A physiotherapist has introduced a simple but effective scheme to help patients get up, get moving and regain their independence.
Alex Armstrong, a physiotherapist at Kent Canterbury Hospital, came up with the idea and started the scheme in May, when he piloted the approach on his ward.
Mr Armstrong explains that the posters provide therapy and ward teams with a quick, clear guide about the type of activities they can encourage patients to achieve independently and work towards during their recovery.
‘Posters are located above each patient’s bed space and provide information about a patient’s capability, for example: "I can get out of bed with assistance of one and transfer to the toilet with a wheeled Zimmer frame and one person",’ he says.
‘The positive phrase of 'I can' emphasises what patients can do rather than focusing on what they can't do, and this allows all the staff who work on the ward to understand the patient’s functional capacity and mobilise them in a safe way.
‘And it also gives patients the support they require to get up and about and not stay in bed all day waiting for therapy staff.
Scheme spreads out after positive pilot results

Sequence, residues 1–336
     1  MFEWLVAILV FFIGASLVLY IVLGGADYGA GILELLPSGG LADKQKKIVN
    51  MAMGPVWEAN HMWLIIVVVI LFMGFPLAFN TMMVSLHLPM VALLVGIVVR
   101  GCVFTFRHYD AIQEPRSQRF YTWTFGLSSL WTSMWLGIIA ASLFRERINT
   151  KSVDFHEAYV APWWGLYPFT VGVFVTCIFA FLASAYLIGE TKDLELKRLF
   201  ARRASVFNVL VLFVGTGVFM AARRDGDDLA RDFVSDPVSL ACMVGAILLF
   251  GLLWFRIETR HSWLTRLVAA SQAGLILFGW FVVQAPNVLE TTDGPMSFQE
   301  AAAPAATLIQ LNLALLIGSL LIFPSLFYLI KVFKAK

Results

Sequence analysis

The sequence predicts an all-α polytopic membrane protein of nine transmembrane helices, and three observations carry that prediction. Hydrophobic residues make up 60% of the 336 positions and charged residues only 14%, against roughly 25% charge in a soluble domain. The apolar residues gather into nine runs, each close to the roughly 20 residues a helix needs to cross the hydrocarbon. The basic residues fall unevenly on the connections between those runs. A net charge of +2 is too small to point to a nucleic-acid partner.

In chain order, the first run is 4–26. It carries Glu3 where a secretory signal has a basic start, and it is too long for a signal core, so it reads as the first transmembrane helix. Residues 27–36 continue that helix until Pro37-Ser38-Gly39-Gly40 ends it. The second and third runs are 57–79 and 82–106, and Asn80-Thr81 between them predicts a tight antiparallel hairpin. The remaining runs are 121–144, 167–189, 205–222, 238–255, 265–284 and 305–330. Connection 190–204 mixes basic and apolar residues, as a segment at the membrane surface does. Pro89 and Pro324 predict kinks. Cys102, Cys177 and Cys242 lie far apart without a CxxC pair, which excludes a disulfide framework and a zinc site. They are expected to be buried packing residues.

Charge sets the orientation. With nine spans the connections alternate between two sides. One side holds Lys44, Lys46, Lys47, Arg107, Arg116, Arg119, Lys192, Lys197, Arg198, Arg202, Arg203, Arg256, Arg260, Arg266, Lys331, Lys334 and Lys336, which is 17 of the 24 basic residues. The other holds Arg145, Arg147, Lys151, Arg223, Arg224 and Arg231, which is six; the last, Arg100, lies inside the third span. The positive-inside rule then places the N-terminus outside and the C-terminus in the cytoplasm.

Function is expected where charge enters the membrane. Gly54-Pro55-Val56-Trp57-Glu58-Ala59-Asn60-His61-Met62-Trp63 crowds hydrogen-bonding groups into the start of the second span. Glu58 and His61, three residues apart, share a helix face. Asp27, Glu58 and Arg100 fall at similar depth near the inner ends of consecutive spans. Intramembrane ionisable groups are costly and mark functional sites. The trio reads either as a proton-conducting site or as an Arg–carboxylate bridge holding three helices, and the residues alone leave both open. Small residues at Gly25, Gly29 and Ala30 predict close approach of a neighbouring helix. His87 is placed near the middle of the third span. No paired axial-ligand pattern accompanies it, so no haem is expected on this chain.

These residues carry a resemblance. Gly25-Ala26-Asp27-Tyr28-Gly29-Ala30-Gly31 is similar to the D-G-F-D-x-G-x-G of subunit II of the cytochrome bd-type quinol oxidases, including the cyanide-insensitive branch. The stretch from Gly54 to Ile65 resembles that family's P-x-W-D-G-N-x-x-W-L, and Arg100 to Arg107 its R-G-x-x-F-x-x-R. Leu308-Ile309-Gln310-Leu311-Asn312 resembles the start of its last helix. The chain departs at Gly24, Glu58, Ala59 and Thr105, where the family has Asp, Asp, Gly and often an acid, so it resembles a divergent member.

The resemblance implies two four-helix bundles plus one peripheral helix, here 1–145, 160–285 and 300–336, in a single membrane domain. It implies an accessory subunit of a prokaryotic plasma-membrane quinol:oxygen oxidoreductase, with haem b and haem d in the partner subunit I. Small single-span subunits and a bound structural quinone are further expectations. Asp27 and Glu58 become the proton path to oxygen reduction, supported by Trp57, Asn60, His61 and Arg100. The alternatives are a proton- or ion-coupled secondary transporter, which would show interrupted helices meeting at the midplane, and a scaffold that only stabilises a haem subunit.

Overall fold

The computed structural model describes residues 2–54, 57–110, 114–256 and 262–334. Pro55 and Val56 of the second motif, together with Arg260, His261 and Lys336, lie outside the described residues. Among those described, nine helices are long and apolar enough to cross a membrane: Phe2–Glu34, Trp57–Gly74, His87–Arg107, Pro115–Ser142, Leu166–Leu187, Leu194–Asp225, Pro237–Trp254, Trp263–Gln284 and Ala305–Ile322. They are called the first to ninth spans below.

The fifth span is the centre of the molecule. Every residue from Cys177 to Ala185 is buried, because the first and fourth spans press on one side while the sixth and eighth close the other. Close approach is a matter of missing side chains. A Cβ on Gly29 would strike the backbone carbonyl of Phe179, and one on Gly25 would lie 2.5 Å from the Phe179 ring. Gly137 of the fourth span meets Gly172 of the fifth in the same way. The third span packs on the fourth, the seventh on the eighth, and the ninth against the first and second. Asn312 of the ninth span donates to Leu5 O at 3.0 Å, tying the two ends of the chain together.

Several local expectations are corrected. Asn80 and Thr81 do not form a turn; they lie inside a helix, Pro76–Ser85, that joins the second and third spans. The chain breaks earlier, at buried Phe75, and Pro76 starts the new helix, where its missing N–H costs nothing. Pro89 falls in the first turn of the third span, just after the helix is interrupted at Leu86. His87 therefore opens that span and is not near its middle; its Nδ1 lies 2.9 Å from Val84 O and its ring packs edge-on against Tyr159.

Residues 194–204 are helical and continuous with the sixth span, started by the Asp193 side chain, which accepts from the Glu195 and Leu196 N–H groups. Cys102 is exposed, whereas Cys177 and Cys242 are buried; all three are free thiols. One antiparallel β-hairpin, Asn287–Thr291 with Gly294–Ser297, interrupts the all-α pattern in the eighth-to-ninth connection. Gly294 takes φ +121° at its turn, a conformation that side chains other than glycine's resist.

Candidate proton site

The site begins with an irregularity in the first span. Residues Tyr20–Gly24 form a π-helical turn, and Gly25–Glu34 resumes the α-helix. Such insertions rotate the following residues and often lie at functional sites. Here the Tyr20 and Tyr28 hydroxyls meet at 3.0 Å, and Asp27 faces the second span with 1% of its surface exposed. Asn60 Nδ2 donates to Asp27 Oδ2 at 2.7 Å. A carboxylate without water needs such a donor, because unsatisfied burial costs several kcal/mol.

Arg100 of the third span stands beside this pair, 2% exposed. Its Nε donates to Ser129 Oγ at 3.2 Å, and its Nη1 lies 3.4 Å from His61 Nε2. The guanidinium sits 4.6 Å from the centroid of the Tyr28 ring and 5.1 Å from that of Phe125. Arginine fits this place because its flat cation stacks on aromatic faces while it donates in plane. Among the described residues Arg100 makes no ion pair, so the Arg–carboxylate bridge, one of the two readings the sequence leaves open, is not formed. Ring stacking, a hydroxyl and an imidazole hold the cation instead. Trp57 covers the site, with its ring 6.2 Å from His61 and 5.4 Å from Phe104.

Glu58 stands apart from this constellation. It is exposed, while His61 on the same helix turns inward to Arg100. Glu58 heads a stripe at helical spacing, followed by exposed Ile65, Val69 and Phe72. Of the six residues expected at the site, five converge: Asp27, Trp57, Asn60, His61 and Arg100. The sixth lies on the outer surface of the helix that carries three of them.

Following a pilot of the ‘I can' posters on his ward, Mr Armstrong says nursing and support staff appeared to be more confident mobilising patients, and he noticed an increase in the amount of exercise patients were completing with ward staff..
‘After piloting it for a couple of weeks and observing the success we were having - with patients increasing mobility and independence, and positive feedback from staff, patients and their families - the scheme was rolled out across other wards in the hospital; not just to improve mobility but also to encourage functional activities like washing, dressing and feeding.’
As a result, the trust is now pushing through further changes within the trust and empowering staff and patients to do more while in hospital, with the aim of increasing independence, decreasing deconditioning, decreasing length of stay and increasing the satisfaction of stay within hospital.
‘It’s great for patients, because the more active and independent they are in hospital, the more they will be able to lead an active and independent life when they get back home,’ Mr Armstrong says.
‘The functional return and strengthening seen in patients on a local scale I know is proportional to the more regular exercise they are doing.
‘And being able to get up and do things makes being in hospital more enjoyable for them too.’
He adds that, as well as helping recovering patients to mobilise and regain their independence, the scheme can also be used for patients who are on end of life care.
‘As a nice message of "I can stay in bed to rest" ensures that everyone is aware to let these patients be left to rest.’
In addition to the ‘I can’ posters, East Kent Hospitals University Trust has also introduced a range of other tools to encourage patients to get up and get dressed, whenever they can.
These include clothing closets, activity planners and anti-boredom trollies.